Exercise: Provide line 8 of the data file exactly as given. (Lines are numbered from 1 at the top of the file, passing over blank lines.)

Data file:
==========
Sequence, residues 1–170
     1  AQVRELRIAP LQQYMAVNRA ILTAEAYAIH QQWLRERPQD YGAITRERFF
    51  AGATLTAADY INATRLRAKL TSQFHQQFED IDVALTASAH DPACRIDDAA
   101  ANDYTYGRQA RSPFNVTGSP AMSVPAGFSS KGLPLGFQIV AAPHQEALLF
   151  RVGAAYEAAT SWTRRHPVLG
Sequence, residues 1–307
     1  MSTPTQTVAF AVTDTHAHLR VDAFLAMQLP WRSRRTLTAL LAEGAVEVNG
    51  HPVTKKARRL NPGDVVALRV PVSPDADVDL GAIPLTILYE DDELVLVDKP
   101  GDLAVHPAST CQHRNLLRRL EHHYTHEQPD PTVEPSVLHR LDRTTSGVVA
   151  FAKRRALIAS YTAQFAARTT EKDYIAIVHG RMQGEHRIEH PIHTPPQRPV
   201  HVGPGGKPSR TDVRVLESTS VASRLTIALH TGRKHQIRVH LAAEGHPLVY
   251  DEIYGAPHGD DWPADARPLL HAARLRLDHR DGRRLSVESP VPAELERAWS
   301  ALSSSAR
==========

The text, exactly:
    51  HPVTKKARRL NPGDVVALRV PVSPDADVDL GAIPLTILYE DDELVLVDKP